"Look at that, Andy!" I'd say, like a kid in a candy store. Kinda how excited my boys get when hear a police car's siren. He'd match my enthusiasm with a little smile and a joke. 'Cause that's how my baby rolls. "Ahhh, good one, Eddie," he'd joke. "You have no idea what I had to pay him to get that timing just right."

And so the joke continued. We'd see an airplane taking off and marvel at the timing, the execution and the sight. "Is that Eddie?" I'd ask.

"Uhh, no. That's Paul." If we missed a takeoff by rounding a curve, he'd say, "Oh, Frankie was a little too early."

After four years, it still makes me smile. Thinking of my best friend and his quick-wit, humor and laugh. I love it.

Andy is out of town this weekend on business and won't be home until tomorrow night. It's the first time we've been this far away since we've been married. We've been doing great - my mom came two spend two days with me and the boys and helped keep my mind off the fact that my best friend was hundreds of miles away - but I hate that he's not here.

This morning, though, we drove to church. I took the expressway. And I saw an airplane take off.

I'm glad that I kept my composure and didn't burst into tears. Gosh, what am I twelve years old? Instead, I smiled and told my mom why I love watching airplanes take off. She might have thought it was a little weird, but had to at least acknowledge the silliness of our little joke.

When I got to church, I wrote Andy a text message. "Eddie's execution was absolutely beautiful this morning. Well done, Andy. Well done."

Looking forward to Eddie, Paul or Frankie flying Andy home tomorrow. Or perhaps it will be someone I've never met; I'll have to ask Andy. I hope someone on the ground is able to acknowledge the flawless execution of their takeoff. I, however, will be much more excited about that plane's landing.


Love is All You Need

On my dresser, sits a picture in a rugged, handmade frame. Well, at least they told us it was handmade. It's a photo from our honeymoon in the Bahamas. A photographer roamed the resort with a camera and snapped shots of different couples eating dinner, at the pool and walking through the grounds. Traditionally, I'm too cheap to buy these photographs. But I knew that I would regret it for life if I hadn't. I was totally right. We purchased five photos, but the one that's currently on my dresser - the two of us sitting at a restaurant, my hand on his - is my absolute favorite. Partly because we look so cute, but also because it represents a wonderful season in our life together!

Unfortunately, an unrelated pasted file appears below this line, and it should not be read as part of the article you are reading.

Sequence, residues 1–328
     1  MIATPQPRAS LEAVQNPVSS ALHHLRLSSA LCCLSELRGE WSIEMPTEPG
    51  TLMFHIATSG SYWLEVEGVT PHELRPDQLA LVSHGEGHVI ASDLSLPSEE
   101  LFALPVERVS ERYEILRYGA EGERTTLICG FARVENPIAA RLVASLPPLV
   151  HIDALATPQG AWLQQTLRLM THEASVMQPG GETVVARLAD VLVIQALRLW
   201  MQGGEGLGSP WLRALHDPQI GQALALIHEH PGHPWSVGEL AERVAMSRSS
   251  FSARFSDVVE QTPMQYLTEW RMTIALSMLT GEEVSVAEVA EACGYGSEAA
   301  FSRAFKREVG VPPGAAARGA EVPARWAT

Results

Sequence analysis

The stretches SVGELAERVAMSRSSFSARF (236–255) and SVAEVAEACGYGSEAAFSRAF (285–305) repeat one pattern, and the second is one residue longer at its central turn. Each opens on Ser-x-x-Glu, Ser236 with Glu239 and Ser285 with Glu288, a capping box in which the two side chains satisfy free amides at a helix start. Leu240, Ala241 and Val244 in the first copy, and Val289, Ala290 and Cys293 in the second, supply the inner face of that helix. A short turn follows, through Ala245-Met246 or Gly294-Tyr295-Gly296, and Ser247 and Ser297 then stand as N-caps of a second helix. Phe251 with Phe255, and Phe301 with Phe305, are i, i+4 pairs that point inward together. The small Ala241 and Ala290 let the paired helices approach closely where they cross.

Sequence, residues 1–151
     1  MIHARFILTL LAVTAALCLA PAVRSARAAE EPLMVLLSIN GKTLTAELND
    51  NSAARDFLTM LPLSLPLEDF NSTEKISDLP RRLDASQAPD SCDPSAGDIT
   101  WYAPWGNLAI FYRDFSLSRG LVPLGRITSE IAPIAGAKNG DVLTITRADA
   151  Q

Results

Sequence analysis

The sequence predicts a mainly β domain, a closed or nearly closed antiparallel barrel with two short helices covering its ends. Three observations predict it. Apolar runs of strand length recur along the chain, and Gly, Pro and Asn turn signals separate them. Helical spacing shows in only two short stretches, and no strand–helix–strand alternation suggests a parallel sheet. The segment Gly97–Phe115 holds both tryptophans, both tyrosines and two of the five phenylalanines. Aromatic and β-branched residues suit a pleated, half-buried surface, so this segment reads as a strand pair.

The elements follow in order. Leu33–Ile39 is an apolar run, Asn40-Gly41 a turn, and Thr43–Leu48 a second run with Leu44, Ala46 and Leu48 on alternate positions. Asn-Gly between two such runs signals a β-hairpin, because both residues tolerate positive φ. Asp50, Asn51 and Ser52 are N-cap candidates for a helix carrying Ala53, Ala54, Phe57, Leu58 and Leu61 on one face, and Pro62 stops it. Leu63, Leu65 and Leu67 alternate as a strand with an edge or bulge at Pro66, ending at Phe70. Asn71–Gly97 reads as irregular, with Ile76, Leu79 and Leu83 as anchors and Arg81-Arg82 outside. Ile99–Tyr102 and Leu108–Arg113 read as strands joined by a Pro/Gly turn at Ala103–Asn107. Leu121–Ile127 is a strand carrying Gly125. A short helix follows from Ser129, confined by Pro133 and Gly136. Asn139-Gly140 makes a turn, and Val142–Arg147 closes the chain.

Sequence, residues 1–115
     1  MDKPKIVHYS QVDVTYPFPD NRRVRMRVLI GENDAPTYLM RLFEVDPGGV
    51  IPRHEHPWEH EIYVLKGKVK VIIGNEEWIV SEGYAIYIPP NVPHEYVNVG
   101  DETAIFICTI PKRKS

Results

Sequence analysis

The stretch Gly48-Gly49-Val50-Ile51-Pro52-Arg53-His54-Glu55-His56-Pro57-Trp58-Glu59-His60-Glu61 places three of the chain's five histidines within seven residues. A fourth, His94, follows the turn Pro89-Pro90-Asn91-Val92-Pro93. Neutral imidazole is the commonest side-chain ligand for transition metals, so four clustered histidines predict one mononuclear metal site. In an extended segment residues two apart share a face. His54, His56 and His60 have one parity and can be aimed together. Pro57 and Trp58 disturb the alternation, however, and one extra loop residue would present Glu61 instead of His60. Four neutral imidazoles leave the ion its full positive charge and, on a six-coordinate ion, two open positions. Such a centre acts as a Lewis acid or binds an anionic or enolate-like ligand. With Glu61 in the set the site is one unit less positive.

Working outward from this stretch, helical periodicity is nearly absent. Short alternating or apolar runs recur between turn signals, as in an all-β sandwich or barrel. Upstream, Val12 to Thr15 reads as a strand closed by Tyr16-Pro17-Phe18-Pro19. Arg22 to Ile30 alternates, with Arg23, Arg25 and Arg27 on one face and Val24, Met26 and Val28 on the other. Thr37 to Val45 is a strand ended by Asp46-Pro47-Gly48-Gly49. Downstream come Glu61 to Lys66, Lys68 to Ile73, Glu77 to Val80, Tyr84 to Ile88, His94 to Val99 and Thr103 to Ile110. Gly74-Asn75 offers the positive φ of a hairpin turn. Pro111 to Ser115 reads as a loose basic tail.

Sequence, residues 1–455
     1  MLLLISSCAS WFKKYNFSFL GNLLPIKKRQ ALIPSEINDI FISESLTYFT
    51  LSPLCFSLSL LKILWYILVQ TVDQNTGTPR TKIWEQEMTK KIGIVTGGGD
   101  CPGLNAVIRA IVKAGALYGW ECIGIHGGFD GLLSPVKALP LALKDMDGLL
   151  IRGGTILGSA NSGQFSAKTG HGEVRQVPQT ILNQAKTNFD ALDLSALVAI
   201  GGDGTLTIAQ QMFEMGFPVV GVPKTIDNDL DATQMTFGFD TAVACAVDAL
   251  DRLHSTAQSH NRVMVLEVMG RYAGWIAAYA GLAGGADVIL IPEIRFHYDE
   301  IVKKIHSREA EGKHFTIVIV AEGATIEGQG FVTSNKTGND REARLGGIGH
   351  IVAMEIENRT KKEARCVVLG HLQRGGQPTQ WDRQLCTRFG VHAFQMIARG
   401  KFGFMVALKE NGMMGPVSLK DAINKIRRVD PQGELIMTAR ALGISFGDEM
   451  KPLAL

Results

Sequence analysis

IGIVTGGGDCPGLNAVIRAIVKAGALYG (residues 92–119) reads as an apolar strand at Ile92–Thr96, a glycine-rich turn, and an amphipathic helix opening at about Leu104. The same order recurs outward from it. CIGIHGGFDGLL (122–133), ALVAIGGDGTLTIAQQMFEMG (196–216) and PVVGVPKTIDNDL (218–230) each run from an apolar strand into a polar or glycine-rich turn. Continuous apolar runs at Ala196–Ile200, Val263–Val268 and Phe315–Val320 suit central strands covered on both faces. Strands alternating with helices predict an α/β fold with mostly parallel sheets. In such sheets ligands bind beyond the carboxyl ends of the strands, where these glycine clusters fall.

We worked hard before our wedding and the day was just perfect. We had been looking forward to our honeymoon to relax. This all-inclusive resort was everything I could have asked in the perfect destination after our wedding. We felt so spoiled. So pampered. So lazy. It was fabulous. The resort's mantra is "Love is all you need." They even answered the phones with it before saying their name. As newlyweds, we were convinced that were true.

We dreamed about our life together, a life that we now shared. We had every reason to expect the best. Andy had been working tirelessly for the past three months gutting our house to make my move from the suburbs to the city more comfortable. We were both excited about the adventure that awaited us. Would we be able to have kids? What would they be like? Would we be able to buy more rental properties?

Life was much simpler. It was just us. No one else depended on us for their existence, no one expected much. We were newly married and people seemed to give us a little space to enjoy our time together. Our biggest decision of the weekend was which movie to rent or where to go for dinner. I could leave my scrapbooking materials on our kitchen table for days at a time and poured myself into numerous cookbooks, preparing new recipes everyday. Life was grand. Our honeymoon and first year of marriage was a wonderful season in our life, one at I will always remember with gratefulness.

Seasons changed as we got pregnant, found out we were having twins and then even after the boys were born. We took one step at a time. We failed at some things, excelled at others. We made mistakes and worked to do better. Parenting has been the most challenging thing I have ever done - but it has also been the most rewarding. 

And now, we are preparing to transition into another season of life for our family. We are looking to buy a new home!